The Pahrump man arrested on two counts of animal cruelty charges back in July was ordered to take a mental competency evaluation by Fifth District Court Judge Robert Lane during a Sept. 17 hearing.
Phillip Peng was arrested on an unrelated matter at his Idaho Street home on July 14, according to a sheriff’s office arrest report.
Nye County Sheriff’s Detective Morgan Dillon noted that while securing the property after Peng’s arrest, he and other deputies located a desert tortoise in a bucket full of water on the back porch of the residence, according to a sheriff’s office news release.
The desert tortoise is considered an endangered species in Nevada.
Dillon, according to the release, observed that the water in the bucket was approximately seven to 10 inches deep, essentially imprisoning the creature.
“The tortoise could not get out,” Dillon said. “The water was deeper than the tortoise was tall, and the tortoise appeared to struggle to stay above the water.”
Additionally, once the tortoise was removed from the plastic bucket the report stated that deputies observed an approximate one-quarter-inch puncture in the animal’s rear shell, along with a second puncture hole several inches from the first.
“It appeared that another hole had attempted to be punctured in,” the report noted. “A long cord with a metal clasp at the end was secured to the porch near the back door and a metal ‘S’ hook was laying near the clasp.”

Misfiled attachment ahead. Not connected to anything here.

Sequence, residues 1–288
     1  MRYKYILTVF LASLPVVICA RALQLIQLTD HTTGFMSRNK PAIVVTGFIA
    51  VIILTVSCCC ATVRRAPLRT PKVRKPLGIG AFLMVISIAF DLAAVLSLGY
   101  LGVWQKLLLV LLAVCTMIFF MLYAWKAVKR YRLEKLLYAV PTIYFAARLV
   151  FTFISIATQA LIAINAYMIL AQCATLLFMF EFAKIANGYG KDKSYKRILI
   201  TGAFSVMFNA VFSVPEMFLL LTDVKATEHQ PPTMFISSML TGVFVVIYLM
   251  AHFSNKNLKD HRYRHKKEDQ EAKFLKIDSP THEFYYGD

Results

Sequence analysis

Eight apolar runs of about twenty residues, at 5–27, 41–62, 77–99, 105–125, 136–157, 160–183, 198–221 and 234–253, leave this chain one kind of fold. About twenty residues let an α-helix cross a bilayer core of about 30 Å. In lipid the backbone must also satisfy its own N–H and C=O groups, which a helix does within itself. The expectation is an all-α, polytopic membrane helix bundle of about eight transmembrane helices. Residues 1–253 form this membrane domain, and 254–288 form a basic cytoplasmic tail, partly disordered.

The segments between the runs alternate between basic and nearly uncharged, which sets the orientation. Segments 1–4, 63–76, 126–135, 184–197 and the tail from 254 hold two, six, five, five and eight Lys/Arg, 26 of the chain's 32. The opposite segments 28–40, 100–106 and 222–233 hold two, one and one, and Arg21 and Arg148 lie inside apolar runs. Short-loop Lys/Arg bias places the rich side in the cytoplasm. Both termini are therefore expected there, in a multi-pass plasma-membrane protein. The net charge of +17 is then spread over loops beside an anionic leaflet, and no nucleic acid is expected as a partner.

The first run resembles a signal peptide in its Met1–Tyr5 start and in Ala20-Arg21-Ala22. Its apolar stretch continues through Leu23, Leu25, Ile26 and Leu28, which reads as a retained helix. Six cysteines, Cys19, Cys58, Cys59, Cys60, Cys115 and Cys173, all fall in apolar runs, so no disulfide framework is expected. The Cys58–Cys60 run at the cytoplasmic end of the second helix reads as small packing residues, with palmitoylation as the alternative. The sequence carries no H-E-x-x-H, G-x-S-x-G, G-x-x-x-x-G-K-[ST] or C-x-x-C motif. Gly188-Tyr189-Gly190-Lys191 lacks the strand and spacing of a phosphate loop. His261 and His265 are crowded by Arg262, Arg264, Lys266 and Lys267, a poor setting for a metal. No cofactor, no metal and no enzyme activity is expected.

The report went on to state that the S-hook fit inside the hole of the animal’s shell and Peng actually told deputies that the tortoise was kept on a leash at the home.
The report stated “There was no shelter or burrow for the tortoise, and the leash kept it tethered so that it could only go partially out into the yard, but otherwise, it was confined to the open porch area.”
The tortoise was evaluated by a local veterinarian, who said the wounds in the creature’s shell created intense discomfort to the tortoise.
“The doctor stated that the hole in the animal’s shell appeared to be healed, but that it would have caused extreme pain to have the hole inserted, and for the injury to heal,” the report stated. “The doctor further stated that the depth of the water the tortoise was located in was too deep for it, and that the tortoise would have grown tired of trying to escape and would have eventually drowned had it been left in the bucket.”
Peng is facing two felony counts of animal cruelty.
It should be noted that the Mojave Desert tortoise is listed as a threatened species and as such, is protected under the U.S. Endangered Species Act and Nevada Administrative Code, (NAC 50.080).
Additionally, it is illegal to remove a desert tortoise from the wild without a special permit. It is also illegal to touch, harass, disturb or pick up a wild desert tortoise or disturb their burrows.
Following Peng’s upcoming competency evaluation, he is scheduled to return to court for a status check hearing at 9 a.m. Oct. 29.
Contact reporter Selwyn Harris at email@example.com. On Twitter: @pvtimes